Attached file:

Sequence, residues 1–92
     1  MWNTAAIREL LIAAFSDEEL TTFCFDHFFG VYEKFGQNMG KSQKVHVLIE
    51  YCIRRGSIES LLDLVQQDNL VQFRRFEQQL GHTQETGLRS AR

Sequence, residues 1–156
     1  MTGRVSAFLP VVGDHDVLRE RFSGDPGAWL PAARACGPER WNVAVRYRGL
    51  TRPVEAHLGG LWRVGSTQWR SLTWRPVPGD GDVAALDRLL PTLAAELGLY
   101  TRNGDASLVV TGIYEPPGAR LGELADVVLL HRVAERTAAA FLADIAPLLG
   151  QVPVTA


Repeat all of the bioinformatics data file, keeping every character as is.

Sequence, residues 1–92
     1  MWNTAAIREL LIAAFSDEEL TTFCFDHFFG VYEKFGQNMG KSQKVHVLIE
    51  YCIRRGSIES LLDLVQQDNL VQFRRFEQQL GHTQETGLRS AR

Sequence, residues 1–156
     1  MTGRVSAFLP VVGDHDVLRE RFSGDPGAWL PAARACGPER WNVAVRYRGL
    51  TRPVEAHLGG LWRVGSTQWR SLTWRPVPGD GDVAALDRLL PTLAAELGLY
   101  TRNGDASLVV TGIYEPPGAR LGELADVVLL HRVAERTAAA FLADIAPLLG
   151  QVPVTA